A memory rises from my grandmother’s kitchen. I saw a little bird outside, through the sliding glass door. I pointed and said, “mira, un pájaro.” My grandmother scolded me in the nicest way and even made me laugh. “No! No es pah-ha-doh. Se dice pájaro” (“No! It’s not pah-ha-doh. You say pájaro”), and she would say the word for bird in her perfect Spanish. The j and the d pronounced properly, blending with the other letters to create one beautiful word.

I had no problem with Yo quiero comer, porfavor, I want to eat, please; or Tengo hambre, I’m hungry. As an adult I still say and feel the English versions of these phrases—I’m always eating and I’m hungry often. Some things don’t change. And my grandmother would always have me say aloud a simple prayer in Spanish after I was done with my meal…gracias a Dios que me dio un pan para comer. Amen. Thank you God for giving me this bread to eat. Amen. The sense of thankfulness that my grandmother instilled in me also hasn’t change. There are many beauties in the world that remind me of all there is to be thankful of—even when I forget.

I was first exposed to Spanish as a young girl through my grandparents. My grandmother didn’t speak English, only Spanish; my grandfather spoke both English and Spanish; and my language memories with my mother are fuzzy. I don’t recall her speaking to me in Spanish, but it’s very possible she did.

I wish that I could say that I was bilingual or fluent in Spanish. It used to be one of my life goals to become fluent. I wanted to become fluent before my grandmother passed. I know that I will continue learning at my slow pace.

After my grandmother passed away, I stopped speaking Spanish. Before that I wasn’t always able to understand all of her stories. When I would visit her in her older age, her stories became longer and more detailed, but my comprehension couldn’t keep up. I had to rely on the words I could decipher, filling in the blanks with her expressions and body language. I was only able to communicate simple phrases. By this time I was in my mid-twenties and my comprehension had dwindled.

On a few other occasions I tried speaking Spanish with other Spanish-speaking people, but I became too self-conscious, knowing I didn’t sound like an authentic Mexican. I felt like an imposter.

When I was in my early thirties, I had planned on getting a bachelor’s degree in English. I hadn’t fulfilled the foreign language requirement and had a choice: Take a Spanish class—I didn’t have the patience for five months of textbook Spanish—or take a Spanish translation test. I figured I didn’t have anything to lose in attempting to translate a short excerpt from Spanish to English.

I remember finally finding the small office at the college campus where I would take the test. I was told I could bring a Spanish/English dictionary and something to write with. I had a choice of three different one-page passages. Settling on one that I believe was about history, I had one hour to complete the translation. I was surprised at how much the sentences made sense. I felt giddy at not being completely in the dark. There were several words that I had to look up in my dictionary, but it didn’t slow me down. I felt surprisingly comfortable with grammar for the most part.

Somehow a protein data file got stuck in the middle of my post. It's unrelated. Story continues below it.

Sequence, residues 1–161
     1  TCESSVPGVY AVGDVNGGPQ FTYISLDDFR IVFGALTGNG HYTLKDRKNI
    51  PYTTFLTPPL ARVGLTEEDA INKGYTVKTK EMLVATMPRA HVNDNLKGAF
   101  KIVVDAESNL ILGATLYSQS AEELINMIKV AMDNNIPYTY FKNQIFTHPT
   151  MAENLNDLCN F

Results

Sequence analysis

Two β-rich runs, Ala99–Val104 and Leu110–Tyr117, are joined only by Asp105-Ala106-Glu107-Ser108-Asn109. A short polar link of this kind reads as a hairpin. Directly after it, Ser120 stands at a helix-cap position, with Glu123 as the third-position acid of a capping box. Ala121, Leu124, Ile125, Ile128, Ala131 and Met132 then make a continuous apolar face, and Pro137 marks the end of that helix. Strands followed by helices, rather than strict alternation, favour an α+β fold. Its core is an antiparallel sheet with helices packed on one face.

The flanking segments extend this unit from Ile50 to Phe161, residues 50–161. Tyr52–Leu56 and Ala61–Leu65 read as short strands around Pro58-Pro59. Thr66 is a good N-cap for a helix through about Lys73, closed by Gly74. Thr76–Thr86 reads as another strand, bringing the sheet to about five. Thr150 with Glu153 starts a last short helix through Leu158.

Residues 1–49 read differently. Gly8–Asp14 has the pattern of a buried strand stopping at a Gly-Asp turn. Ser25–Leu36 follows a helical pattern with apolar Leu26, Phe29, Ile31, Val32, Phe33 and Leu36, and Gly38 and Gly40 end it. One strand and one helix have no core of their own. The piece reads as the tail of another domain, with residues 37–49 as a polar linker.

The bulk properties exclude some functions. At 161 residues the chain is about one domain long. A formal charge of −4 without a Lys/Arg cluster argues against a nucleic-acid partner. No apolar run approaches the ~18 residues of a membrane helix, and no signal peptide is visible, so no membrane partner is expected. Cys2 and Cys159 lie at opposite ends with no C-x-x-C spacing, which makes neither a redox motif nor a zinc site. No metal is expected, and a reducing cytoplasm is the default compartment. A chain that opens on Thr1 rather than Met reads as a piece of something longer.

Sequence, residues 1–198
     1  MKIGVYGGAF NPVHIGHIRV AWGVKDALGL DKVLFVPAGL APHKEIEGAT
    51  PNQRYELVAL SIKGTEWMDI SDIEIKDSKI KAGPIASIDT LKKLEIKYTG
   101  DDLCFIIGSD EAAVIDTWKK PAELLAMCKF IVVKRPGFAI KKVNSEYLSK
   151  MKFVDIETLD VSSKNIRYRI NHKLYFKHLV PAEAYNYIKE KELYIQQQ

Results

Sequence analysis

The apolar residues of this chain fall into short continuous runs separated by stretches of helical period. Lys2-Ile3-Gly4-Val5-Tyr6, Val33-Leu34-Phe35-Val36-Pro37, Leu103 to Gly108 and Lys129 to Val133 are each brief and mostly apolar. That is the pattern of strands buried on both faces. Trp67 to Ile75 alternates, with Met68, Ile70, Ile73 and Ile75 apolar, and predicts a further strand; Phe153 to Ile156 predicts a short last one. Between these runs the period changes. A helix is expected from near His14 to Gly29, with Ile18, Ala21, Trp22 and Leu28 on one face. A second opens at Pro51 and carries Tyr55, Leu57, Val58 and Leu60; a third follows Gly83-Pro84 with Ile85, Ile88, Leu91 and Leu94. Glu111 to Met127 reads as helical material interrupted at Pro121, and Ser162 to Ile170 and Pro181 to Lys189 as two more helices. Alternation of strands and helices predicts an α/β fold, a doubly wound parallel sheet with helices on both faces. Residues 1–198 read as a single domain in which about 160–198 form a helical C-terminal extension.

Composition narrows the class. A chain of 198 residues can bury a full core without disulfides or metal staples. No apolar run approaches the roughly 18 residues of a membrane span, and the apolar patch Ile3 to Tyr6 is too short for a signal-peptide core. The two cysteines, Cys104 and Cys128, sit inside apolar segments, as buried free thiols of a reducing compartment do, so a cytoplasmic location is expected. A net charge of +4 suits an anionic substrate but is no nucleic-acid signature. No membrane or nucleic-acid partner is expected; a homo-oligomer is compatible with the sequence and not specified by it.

When I completed my translation, I felt good, but knew there might be a few small grammar errors. I handed the pages, the original and mine, back to the assistant. I would have to wait a week or so before I knew how I did.

The results came back and I passed. I felt so proud of myself beyond words.

All of my slow progress fed into this one moment. What that experience did for me—even though I didn’t end up pursing an English degree—is that it provided the space for me to reflect on where and how I had learned to read Spanish. I took French and Spanish in high school, but I don’t recall doing well in either because I wasn’t interested in school at the time. There weren’t Spanish books in my childhood home and no one read to me in Spanish or showed me Spanish language books.

The only thing I could connect is that I had remembered what little I soaked in from my grandmother and I was able to recognize the written words by sound. As I read the words, I could hear them and it was then that I realized that though I couldn’t speak Spanish very well, and at times if someone speaks too fast in Spanish I can’t follow, I could actually read it. Of course my reading fluency is not where I’d like it to be. I have two books of fiction in Spanish that sit on my shelf. One day I hope to get through them.

Over the years, I’ve picked up a book here and there to learn more Spanish and to reinforce what I know. I took a class in Asian literature that was taught by a Chinese-Mexican-American professor. This class opened me up to further explore my second language and Mexican-ness. And since then, I’ve continued in small chunks.

Language is fascinating and it still fascinates me. I admire those that can learn several languages fluently or even one language really well. When it comes to certain tasks in life, I simply don’t have the patience unless I’m immersed—Immersion seems the best way to learn a foreign language.

At times I think and write in Spanish, especially if I’m speaking to my grandmother in my mind; occasionally I will write a simple poem in Spanish and then translate it into English. My Spanish writing skills are limited for now, but I do feel as though I have another soul when I write in Spanish—I’m like a different expression of myself when I think and write in my grandmother’s tongue. I cherish that. That is my connection to the Spanish language, to my Mexican heritage, and it begins in my grandmother’s kitchen.

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